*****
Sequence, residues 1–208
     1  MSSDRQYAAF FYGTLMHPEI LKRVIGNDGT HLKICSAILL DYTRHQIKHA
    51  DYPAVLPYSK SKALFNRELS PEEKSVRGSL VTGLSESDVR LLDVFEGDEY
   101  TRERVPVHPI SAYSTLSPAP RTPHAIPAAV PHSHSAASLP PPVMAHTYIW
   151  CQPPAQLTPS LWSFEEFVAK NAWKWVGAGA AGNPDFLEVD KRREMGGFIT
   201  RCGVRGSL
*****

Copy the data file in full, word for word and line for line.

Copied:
Sequence, residues 1–208
     1  MSSDRQYAAF FYGTLMHPEI LKRVIGNDGT HLKICSAILL DYTRHQIKHA
    51  DYPAVLPYSK SKALFNRELS PEEKSVRGSL VTGLSESDVR LLDVFEGDEY
   101  TRERVPVHPI SAYSTLSPAP RTPHAIPAAV PHSHSAASLP PPVMAHTYIW
   151  CQPPAQLTPS LWSFEEFVAK NAWKWVGAGA AGNPDFLEVD KRREMGGFIT
   201  RCGVRGSL